The Daily Southerner
In the 1920’s and 30’s, the workers on the chain gangs in the South worked all day while chained together and got locked up in steel cage-like portable jails at night.
William “Bill” Fillmore, owner of Fillmore Plantation speculates being locked in the portable jails wasn’t fun for the prisoners. The seven portable jails on his property on Nobles Mill Pond Road are made of steel and the majority measure 18 feet long and 7 feet tall.
“I’m sure it was hot and uncomfortable. [You had] the mosquitoes and the bugs and the humidity and you didn’t have any privacy, night after night,” said Fillmore. “I don’t think it was a very friendly way to be a prisoner. There wasn’t a lot of sympathy for prisoners back then.”
“They’d stack a whole bunch of prisoners in there,” he said, estimating each jail held 18 inmates. The portable jail cells are now used as storage for Fillmore’s tools.
“My grandfather, Col. William H. Fillmore, bought them as surplus to put corn in them in the 1950’s,” Fillmore said. “We had so much fun playing in these things as kids. We’d lock each other in there.”
Manly Jail Works of Dalton, Ga. manufactured the portable jails on wheels, which were sold “from 1908 into the early 1930’s,” said Judson Manly, in an article published in the “Dalton Daily Citizen” on Nov. 8, 2009.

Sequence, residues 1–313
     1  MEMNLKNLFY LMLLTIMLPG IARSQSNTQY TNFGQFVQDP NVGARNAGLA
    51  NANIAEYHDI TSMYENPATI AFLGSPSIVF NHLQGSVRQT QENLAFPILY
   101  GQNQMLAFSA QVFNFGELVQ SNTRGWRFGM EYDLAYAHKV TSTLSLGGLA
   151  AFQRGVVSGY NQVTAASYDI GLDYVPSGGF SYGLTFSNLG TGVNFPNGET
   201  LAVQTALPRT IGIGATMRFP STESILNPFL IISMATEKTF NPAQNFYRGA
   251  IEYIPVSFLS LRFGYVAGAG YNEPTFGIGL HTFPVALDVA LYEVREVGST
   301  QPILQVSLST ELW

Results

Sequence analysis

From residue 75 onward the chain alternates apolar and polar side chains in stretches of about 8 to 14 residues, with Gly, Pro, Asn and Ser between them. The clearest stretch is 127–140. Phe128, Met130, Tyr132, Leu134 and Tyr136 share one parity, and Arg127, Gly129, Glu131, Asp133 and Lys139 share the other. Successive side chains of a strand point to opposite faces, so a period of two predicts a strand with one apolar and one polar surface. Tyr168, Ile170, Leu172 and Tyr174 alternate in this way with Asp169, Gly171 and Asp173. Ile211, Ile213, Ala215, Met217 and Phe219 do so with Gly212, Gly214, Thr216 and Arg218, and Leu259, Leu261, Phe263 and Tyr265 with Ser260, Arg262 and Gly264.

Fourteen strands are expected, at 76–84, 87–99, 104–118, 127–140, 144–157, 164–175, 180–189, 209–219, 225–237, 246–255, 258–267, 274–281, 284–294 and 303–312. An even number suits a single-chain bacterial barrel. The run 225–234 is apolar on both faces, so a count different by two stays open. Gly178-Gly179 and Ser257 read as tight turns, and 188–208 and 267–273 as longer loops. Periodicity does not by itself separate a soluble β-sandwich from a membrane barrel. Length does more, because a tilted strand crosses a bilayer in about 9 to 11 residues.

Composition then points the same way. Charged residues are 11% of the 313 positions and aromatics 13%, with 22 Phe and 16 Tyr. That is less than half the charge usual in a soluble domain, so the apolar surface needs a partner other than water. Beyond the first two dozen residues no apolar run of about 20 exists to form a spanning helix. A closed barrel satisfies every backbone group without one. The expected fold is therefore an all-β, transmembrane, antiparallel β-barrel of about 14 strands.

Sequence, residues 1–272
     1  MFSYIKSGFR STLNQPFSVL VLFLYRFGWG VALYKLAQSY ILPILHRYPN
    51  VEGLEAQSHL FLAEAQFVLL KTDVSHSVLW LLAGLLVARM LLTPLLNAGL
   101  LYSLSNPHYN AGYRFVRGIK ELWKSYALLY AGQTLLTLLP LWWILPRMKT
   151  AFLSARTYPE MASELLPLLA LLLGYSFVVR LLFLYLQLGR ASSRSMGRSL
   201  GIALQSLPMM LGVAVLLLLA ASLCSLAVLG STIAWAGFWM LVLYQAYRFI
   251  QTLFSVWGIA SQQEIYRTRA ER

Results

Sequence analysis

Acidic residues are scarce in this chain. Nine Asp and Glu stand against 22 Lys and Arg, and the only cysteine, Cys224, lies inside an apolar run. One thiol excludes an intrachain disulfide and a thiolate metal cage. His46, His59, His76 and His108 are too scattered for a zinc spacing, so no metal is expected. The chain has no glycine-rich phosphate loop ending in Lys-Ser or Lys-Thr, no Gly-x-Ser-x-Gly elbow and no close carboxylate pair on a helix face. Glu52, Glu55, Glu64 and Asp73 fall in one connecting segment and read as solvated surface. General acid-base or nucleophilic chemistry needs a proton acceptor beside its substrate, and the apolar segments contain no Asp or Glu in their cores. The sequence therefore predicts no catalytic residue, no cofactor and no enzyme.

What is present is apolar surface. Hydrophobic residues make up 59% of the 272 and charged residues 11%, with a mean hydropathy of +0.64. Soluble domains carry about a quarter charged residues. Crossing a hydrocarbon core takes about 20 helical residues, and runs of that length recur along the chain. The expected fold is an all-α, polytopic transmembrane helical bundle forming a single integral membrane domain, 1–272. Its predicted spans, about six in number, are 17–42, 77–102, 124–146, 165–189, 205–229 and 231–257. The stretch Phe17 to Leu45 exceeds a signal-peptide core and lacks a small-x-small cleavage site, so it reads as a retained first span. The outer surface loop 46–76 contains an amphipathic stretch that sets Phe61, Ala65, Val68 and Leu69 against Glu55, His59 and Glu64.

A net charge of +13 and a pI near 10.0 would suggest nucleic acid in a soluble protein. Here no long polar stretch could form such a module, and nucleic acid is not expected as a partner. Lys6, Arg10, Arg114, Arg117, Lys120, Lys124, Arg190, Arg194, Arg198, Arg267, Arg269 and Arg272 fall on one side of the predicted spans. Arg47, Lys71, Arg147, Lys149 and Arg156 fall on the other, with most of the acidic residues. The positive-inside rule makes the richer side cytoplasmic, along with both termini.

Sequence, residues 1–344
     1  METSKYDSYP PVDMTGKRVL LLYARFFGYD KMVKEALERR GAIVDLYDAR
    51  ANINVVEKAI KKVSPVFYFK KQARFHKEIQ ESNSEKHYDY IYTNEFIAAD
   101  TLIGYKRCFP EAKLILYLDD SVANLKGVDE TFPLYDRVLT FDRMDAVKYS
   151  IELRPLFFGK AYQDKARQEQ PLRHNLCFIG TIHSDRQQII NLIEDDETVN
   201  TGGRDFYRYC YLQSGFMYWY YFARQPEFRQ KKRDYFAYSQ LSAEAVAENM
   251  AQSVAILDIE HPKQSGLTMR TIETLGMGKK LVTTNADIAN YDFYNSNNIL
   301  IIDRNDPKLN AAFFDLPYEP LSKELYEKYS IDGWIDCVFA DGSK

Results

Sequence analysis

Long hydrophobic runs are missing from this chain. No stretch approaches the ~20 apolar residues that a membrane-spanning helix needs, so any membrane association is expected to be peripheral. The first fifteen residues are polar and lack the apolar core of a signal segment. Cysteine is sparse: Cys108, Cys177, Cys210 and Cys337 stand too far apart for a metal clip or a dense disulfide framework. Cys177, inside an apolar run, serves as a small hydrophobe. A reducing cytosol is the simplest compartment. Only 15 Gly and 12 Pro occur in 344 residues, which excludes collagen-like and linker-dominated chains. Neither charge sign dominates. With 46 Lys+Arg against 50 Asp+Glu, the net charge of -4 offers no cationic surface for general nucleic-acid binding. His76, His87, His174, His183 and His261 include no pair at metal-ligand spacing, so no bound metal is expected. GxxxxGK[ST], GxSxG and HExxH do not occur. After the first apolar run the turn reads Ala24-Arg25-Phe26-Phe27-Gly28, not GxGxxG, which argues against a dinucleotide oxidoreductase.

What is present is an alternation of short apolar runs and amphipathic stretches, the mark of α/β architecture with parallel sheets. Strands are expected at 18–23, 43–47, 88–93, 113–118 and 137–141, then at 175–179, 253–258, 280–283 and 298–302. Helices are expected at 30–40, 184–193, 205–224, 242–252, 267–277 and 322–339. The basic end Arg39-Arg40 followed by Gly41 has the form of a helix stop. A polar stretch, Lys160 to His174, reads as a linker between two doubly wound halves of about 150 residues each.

“Prior to 1908, going back to when Sherman burned down the state prison in Georgia, the state rented out prisoners,” Manly said. “You had to feed them, clothe them, guard them and take care of their medical needs. And you could work them 60 hours a week. My grandfather came up with the idea of a portable jail on wheels.”
In an article printed in the Raleigh News & Observer on Nov. 27, 1994, then-state prison superintendent Julian Mann estimated that the average convict on a chain gang in the early 1900’s could only expect to survive five years.
Manly said the media at the time referred to the portable jails as “paddy wagons.” Manly Jail Works touted itself as “the first and only steel jail works in the South.” The company has discontinued jail work and is now known as Manly Steel.
One day, Fillmore plans to donate the portable jails to a museum, but for now, the steel structures standing on Fillmore’s historic property are a testament to a nearly forgotten, but not obsolete, way of life for prisoners.
In recent news, CNN reported on Oct. 29, 2003 that Sheriff Joe Arpaio of Maricopa County, Ariz. was running a female chain gang in which the prisoners worked seven days a week, slept in tents, and were only fed twice a day.
The more things change, the more they stay the same
The one thing about prison life that has remained the same is the wish for freedom and a life outside the confines of bars, whether it is a female prisoner in Edgecombe County’s jail annex wistfully looking out of a basement window or a member of a chain gang in the 1920’s hoping for an opportunity to break loose from the chains while working outdoors.
When asked whether the female inmates in the county’s jail annex ever get a chance to go outside and get some fresh air, Lt. Elijah Glass, county jail administrator, simply replied, “They don’t.” The only exception to that rule is when a judge orders work release for non-violent offenders.